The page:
This application proposes a novel approach to improving the safety of opioid analgesics by post-receptor pharmacological targeting of G protein ?? subunits to modify the actions of ?-opioid receptors (MORs). Our laboratory has identified small molecule inhibitors of G protein ?? subunits that demonstrate in vivo efficacy in various animal models of disease. Relevant to this application, we identified two related G?? inhibitors, M119 and gallein that increase MOR agonist analgesic potency in mice without potentiating side effects that include development of tolerance, respiratory depression, constipation or addiction. Thus co-administration of G?? inhibitors with opioid analgesics has the potential to improve their safety profile by opening up the therapeutic window between analgesic efficacy and deleterious side effects. We propose that gallein and M119 modify opioid action by blocking specific feedback pathways downstream of MORs while leaving pro-analgesic pathways intact. MORs couple to the Gi family of G proteins and promote analgesia through G protein-dependent inhibition of neurotransmitter release via G??-dependent regulation of K+ (GIRK) channels, N-type Ca2+ channels and inhibition of vesicle fusion with synaptic membranes. At the same time G?? activates feedback pathways including phospholipase C (PLC?) and G protein-coupled receptor kinases (GRKs), which limit opioid receptor activity. Gallein and M119 block G??-dependent regulation of PLC? and GRK2 without blocking GIRK or N-type Ca2+ channels and thereby biasing MORs toward pro-analgesic signaling. Gallein and M119 have been powerful probe compounds to validate the idea that pharmacological G?? blockade could improve the properties of opioid analgesics, but the chemical characteristics of the molecules makes them unsuitable for therapeutic development. Data with new chemical series? derived from our high throughput screening (HTS) campaign support a G?? on-target mechanism of action. The primary goal of this application is to develop and mechanistically characterize novel ?drug like? G?? inhibitors that can be utilized to improve the safety of opioid analgesics. This application is divided into 3 specific aims 1) We will diversify the chemistry of promising lead compounds derived from HTS with the goal of improving potency and ?drug like? characteristics. We expect that upon completion of this aim we will identify a high potency ?drug like? G?? inhibitor that can be a strong lead candidate for therapeutic development. 2) We will use whole animal PLC?? and ?-arrestin-2 knockout models, and brain slice electrophysiology to examine the roles of blocking feedback inhibition of MOR signaling by PLC, PKC and ?-arrestin pathways in the potentiating actions of G?? inhibitors. 3) There is a significant need to find an opioid analgesic for the treatment of chronic pain without abuse potential and adverse side effects. We will explore the utility of G?? inhibition in chronic opioid use in a mouse model of chronic inflammatory pain, with both chronic and acute administration and use a rat model of morphine self-administration.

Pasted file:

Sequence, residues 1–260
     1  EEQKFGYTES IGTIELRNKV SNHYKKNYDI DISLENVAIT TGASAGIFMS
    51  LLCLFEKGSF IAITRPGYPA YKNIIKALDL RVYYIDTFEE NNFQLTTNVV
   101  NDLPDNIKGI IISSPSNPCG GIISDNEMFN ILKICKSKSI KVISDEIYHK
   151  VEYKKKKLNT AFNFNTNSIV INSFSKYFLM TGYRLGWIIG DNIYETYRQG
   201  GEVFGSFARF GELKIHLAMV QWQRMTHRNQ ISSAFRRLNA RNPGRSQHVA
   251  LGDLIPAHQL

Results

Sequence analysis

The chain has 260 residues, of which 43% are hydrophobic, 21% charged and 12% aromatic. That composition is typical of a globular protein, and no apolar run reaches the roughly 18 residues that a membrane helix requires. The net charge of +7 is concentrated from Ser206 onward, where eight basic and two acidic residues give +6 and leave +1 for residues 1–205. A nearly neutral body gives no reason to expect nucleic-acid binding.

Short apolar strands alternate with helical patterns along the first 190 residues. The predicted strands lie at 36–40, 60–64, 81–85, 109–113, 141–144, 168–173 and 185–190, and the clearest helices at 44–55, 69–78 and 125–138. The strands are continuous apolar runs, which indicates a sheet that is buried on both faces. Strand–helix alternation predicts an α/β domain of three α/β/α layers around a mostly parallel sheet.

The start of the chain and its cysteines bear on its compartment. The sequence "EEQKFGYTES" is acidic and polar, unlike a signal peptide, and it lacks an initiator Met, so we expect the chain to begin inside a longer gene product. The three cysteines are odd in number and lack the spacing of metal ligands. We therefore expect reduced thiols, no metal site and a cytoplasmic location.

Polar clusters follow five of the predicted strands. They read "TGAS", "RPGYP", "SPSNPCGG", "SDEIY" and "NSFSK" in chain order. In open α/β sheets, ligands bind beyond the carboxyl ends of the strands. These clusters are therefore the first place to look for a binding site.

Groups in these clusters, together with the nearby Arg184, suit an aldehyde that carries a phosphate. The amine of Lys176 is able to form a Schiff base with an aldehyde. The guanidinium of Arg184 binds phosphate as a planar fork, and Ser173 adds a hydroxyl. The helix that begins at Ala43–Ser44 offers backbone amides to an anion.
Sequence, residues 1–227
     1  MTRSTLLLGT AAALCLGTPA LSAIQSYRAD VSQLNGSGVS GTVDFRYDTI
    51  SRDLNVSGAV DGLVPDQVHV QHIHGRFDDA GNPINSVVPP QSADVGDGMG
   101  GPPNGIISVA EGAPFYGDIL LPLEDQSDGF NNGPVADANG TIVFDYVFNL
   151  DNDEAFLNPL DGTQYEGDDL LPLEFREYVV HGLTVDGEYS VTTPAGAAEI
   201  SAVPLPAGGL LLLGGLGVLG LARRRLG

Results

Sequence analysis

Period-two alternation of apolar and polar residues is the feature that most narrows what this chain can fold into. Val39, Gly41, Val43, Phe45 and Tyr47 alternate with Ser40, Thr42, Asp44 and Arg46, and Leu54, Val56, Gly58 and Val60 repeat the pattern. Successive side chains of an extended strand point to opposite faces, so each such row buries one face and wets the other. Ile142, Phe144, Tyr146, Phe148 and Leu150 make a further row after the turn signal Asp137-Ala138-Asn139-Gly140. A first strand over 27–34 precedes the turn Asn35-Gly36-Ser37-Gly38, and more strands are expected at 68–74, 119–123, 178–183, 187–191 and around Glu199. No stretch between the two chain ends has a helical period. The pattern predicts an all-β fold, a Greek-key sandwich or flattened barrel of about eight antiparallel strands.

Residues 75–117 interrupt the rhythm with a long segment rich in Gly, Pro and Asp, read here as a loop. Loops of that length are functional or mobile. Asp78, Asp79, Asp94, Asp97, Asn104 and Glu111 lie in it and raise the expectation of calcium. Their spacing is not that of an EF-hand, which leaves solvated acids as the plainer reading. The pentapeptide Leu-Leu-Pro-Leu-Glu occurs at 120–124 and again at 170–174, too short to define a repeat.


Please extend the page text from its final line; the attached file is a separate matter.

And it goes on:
Public Health Relevance

Pain remains a common and costly condition. 31% of Americans report suffering from chronic pain. Opioid analgesics remain the gold standard for treatment of moderate to severe, acute and chronic pain due to their unmatched efficacy, despite a number of shortcomings including short and long-term tolerance, addiction and respiratory depression. This proposal is to develop a novel strategy using G protein inhibition to improve the safety profile of opioid analgesics for use in acute and chronic pain.

National Institute of Health (NIH)
National Institute on Drug Abuse (NIDA)
Research Project (R01)
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Molecular and Integrative Signal Transduction Study Section (MIST)
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Hillery, Paul
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University of Michigan Ann Arbor
Schools of Medicine
Ann Arbor
United States
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